Every youth that walks through our doors at Urban Peak possesses an intimate and incredible story. Some of our youth may share similarities in these stories, but as each one unfolds in its own personal narrative I am reminded time and time again why I choose to work with runaway and homeless youth.
Every week, Urban Peak provides shelter, educational and employment support, and potential housing for the youth of Denver who, simply put, have nowhere else to go. Our youth come from families who have chosen to cast them aside for various reasons; sometimes they can no longer handle the mental health issues a youth struggles with, sometimes they simply refuse to see the beauty of fluid identities within gender or sexuality. Other times, our youth come out of refuge; trying to escape violence or discrimination from where they come, trying to rebuild and start a new life. No matter the reason, all of our youth come looking for a way to continue moving forward.
At Urban Peak, each youth is quickly linked up with a case manager. Alongside each other, they create goals to work towards during their stay. From “get my ID” to “start hormone replacement therapy (HRT)” no goal is dismissed, but instead is worked into the individual case plan with the understanding that each of these points help to create within our youth a sense of identity and an assurance that change and independence is possible. Most importantly, our youth and staff work to create lasting relationships with one another. It is within these relationships that the true scope of our work comes out and our work becomes more than case management. This relationship allows each of our youth to confide within Urban Peak staff about deeply personal and often tragic histories, allowing us to work side by side through these histories to arrive at a point of understanding, self-confidence, and emotional/physical safety. Within this relationship, success is not measured by data or survey. Instead, we personally watch as our youth grow into young adults. They find their first job, their first apartment, or their first therapy appointment through Urban Peak. Though they hit many bumps in their path, they come back to this relationship knowing we are ready to walk the next step with them.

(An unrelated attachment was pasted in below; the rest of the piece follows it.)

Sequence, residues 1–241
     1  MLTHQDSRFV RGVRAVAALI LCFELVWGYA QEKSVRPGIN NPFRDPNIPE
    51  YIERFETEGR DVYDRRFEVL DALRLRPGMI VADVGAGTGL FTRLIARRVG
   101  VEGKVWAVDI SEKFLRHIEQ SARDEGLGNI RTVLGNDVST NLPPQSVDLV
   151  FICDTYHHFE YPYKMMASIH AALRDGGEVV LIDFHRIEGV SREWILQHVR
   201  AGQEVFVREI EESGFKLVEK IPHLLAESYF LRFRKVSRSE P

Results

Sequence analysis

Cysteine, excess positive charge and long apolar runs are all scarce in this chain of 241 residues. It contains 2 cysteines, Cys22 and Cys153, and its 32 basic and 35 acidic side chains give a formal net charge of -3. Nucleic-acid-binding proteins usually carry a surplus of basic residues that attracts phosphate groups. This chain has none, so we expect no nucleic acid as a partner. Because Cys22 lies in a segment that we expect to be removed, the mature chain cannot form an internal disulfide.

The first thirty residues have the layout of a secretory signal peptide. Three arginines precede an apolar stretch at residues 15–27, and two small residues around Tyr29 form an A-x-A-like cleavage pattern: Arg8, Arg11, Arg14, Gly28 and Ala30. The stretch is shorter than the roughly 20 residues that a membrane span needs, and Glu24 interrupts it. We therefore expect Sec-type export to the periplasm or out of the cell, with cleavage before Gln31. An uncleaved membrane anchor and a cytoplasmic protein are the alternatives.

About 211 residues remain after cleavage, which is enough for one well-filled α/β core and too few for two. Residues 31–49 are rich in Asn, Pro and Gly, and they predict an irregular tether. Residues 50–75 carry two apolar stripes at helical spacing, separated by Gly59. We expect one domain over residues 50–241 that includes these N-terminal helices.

Xexal first came to Urban Peak in January having been ousted from her family home when she came out as transgender. After three months at the shelter, she left to return to her family. Two months later, I walked out of the office to see Xexal outside. With a quick hug of recognition, she began to tell me she had once again been asked to leave her home due to her gender, this time violently. She followed this by saying the minute she stepped onto Urban Peak property she knew she was home and where she needed to be. Here she made her first steps to becoming the woman she has always been. Here, she said, is where I learned to put on makeup when the other girls showed me how. Two and half months later, we were able to connect Xexal with medical professionals to help her begin hormone replacement therapy. She also helps to lead the weekly shelter queer group, and continues to perform and write her incredible poetry throughout Denver. Most importantly, she is unafraid to call herself a woman.
The use of RHYA funding is pivotal to creating and maintaining the relationships we hold with our youth at Urban Peak. RHYA funding gives us the spaces needed to help catapult our youth to better and independent futures. Funding opens doors to new programming, new ideas, and more youth. Without RHYA funding, more and more youth would remain trapped in the cycles of homelessness and poverty. At Urban Peak, we are thankful for RHYA funding as it allows us to be physically and emotionally present for our youth, to continue fostering relationships, and to continue working with youth that, for whatever reason, need an extra hand.